The opening credits of Lost Highway are a POV from a car racing down a darkened highway, its headlights the only source of illumination for what’s ahead. David Bowie’s “I’m Deranged,” co-written and co-produced with Brian Eno, envelopes the viewer and foreshadows the mind set of the main characters, and possibly the viewers, in this twisted tale of jealously and betrayal.
One morning, saxophonist Fred (Bill Pullman) hears a voice through the intercom, informing him “Dick Laurent is dead.” Before he can who was speaking, a car can be heard driving away with police sirens in pursuit. Married to Renee (Patricia Arquette), he distrusts her and with whom she associates. One morning, she finds an unmarked package with an unlabeled video tape inside. It shows the front of their house. The next tape shows the cameraman got into the house while they were sleeping, leading them to call the cops, but there are no other clues to direct them, and the discomfort of knowing someone broke into your house while you sleeping is palpable.
At a party together, Fred encounters the Mystery Man (Robert Blake), as he is identified in the credits. He’s a bizarre-looking man, dressed all in black, face with white make up, who says they’ve met before and that he is currently in Fred’s house right now. Fred calls home and the man is speaking on other end.
The next video finds Fred having murdered Renee and then he awakens while he is being interrogated by the police. While in his prison cell, Fred is inexplicably replaced by Peter Dayton (Baltazar Getty), a younger man and former auto thief on probation, who authorities have no choice but release to his parents.
Lost Highway then follows Peter’s story in which a young man gets involved with a beautiful woman who is involved with an older gangster. The latter is Mr. Eddie (Robert Loggia). He likes Peter working on his car and there’s a hysterical scene where Mr. Eddie expresses his displeasure with a tailgater. The woman in the middle is Alice, who is also played by Arquette, connecting the worlds of Peter and Fred. Film noir fans will find the love triangle follow a familiar trajectory, but before the typical resolution, there’s another major plot twist that makes Lost Highway fold in upon itself.
I enjoyed the two stories in Lost Highway but don’t understand the one story Lynch and co-writer Barry Gifford are telling, presuming they are. While confused about how things may tie together as the credits rolled, I didn’t mind because there is so much good stuff throughout the film that the parts supersede the sum. Lynch cast actors who commit to their roles and keep the viewer engaged. Cinematographer Peter Deming and his team bring Lynch’s vision to screen, and combined with the sound design which includes haunting music by Angelo Badalamenti and Trent Reznor and and songs by an alternative all-star roster, Lost Highway is always engrossing even if incomprehensible.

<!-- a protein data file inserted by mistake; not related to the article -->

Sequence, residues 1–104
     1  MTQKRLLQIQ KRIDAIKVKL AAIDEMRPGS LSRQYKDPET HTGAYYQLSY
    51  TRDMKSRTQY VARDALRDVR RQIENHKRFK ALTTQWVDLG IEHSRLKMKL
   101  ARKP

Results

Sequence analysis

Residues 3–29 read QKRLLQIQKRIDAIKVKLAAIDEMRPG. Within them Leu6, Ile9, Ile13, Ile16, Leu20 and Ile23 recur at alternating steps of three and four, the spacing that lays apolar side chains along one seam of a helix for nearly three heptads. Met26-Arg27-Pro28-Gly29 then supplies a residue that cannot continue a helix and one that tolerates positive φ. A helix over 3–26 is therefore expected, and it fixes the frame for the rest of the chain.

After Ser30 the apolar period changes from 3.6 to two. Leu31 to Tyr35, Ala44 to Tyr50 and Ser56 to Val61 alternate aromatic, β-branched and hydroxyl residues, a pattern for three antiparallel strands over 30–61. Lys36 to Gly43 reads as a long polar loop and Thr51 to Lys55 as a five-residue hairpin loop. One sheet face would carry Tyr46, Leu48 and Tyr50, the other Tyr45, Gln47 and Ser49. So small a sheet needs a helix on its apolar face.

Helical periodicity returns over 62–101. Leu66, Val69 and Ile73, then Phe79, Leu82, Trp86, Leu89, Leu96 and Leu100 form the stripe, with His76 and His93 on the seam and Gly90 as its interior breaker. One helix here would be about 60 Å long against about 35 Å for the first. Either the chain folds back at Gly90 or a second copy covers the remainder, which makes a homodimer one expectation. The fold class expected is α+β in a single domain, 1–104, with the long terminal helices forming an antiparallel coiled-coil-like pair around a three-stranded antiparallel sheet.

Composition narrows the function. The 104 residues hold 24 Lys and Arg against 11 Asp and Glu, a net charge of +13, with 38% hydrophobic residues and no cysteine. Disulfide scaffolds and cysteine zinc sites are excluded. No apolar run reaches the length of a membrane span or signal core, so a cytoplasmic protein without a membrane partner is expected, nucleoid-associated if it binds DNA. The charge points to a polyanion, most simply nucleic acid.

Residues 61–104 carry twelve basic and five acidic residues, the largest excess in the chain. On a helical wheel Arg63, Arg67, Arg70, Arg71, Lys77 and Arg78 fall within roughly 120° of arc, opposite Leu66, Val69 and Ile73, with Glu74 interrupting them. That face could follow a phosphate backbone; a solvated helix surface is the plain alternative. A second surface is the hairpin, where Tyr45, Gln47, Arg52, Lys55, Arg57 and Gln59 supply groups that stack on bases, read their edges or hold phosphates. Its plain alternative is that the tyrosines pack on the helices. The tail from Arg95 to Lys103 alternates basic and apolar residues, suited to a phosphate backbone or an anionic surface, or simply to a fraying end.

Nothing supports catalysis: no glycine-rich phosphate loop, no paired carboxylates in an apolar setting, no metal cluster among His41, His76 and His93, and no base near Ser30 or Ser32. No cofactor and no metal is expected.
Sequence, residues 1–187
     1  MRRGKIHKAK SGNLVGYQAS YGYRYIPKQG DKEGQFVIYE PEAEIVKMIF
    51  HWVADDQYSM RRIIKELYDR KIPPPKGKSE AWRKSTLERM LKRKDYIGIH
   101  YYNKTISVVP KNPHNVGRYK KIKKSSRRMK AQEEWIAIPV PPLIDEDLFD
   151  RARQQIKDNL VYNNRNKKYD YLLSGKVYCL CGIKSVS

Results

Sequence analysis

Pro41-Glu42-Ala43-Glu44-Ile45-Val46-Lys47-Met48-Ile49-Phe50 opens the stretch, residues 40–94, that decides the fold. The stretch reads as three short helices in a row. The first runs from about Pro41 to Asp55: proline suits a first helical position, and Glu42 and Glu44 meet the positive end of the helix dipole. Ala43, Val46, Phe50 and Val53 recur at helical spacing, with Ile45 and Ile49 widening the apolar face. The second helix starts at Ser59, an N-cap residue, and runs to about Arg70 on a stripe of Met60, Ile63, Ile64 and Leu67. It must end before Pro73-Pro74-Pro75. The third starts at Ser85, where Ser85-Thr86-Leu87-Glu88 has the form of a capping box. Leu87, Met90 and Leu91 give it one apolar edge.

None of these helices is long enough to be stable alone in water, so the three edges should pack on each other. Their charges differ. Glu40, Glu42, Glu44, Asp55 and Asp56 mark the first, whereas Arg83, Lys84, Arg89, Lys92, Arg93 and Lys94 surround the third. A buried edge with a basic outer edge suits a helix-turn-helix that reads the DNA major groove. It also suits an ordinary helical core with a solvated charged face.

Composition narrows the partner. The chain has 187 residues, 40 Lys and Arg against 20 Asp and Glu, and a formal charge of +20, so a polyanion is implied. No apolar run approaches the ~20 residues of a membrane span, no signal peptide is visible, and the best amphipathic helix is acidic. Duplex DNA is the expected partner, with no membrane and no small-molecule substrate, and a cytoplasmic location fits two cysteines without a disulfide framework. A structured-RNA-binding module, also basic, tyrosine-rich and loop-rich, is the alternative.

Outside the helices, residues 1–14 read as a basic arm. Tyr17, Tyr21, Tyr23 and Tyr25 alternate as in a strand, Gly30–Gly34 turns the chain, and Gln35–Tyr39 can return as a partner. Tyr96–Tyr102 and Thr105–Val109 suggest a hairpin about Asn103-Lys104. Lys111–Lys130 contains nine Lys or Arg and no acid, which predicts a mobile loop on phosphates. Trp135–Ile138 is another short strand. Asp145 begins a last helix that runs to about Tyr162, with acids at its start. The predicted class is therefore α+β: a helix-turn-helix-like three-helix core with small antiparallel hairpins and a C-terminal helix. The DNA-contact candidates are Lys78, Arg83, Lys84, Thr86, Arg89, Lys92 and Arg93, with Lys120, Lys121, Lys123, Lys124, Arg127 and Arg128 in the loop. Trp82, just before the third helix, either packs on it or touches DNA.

The video is displayed in the film’s original aspect ratio of 2.39:1. The liner notes reveal “this new digital transfer was created in 4K resolution on an ARRISCAN film scanner from the 35 mm original A/B camera negative and was supervised by David Lynch.” Inky blacks are a standout. The colors appear in solid hues. The image delivers depth and details, although there are moments where Lynch intentionally wants a distorted image.
Also from the liner notes, “The near-field remaster of the original 5.1 soundtrack and alternate stereo track was made from the 35 mm magnetic track and mix-supervised by Lynch and rerecording mixer Ron Eng.” The dialogue is as clear as intended. With extra oomph from the subwoofer, the explosions, the rock music, and the roaring car engines boom. Objects can heard positioned in different channels and ambiance and music fill the surrounds.
The director-approved special edition features include:
- Pretty as a Picture: The Art of David Lynch (81 min) – Toby Keeler’s documentary about the filmmaker includes on-set material from Lost Highway and interviews with Lynch and many of his collaborators. There are 14 minutes of outtakes available a separate option
- “Next Door to Dark” (audio, 44 min) – Lynch and co-author Kristine McKenna read this chapter from their 2018 book Room to Dream.
- The Making of Lost Highway (13 min) – a shorter look at the film’s creation.
- David Lynch, 1997 (11 min) – Lynch talks further about the film.
- Theatrical Rerelease Trailer (11 min)
With Lost Highway, David Lynch and his crew create a film that epitomizes Ralph Waldo Emerson’s quote, “It’s the not the destination, It’s the journey,” although your mileage may vary greatly as the subject matter gets a little grim. The Criterion Collection delivers a welcome high-definition experience with extras that augment appreciation for the film and its creators.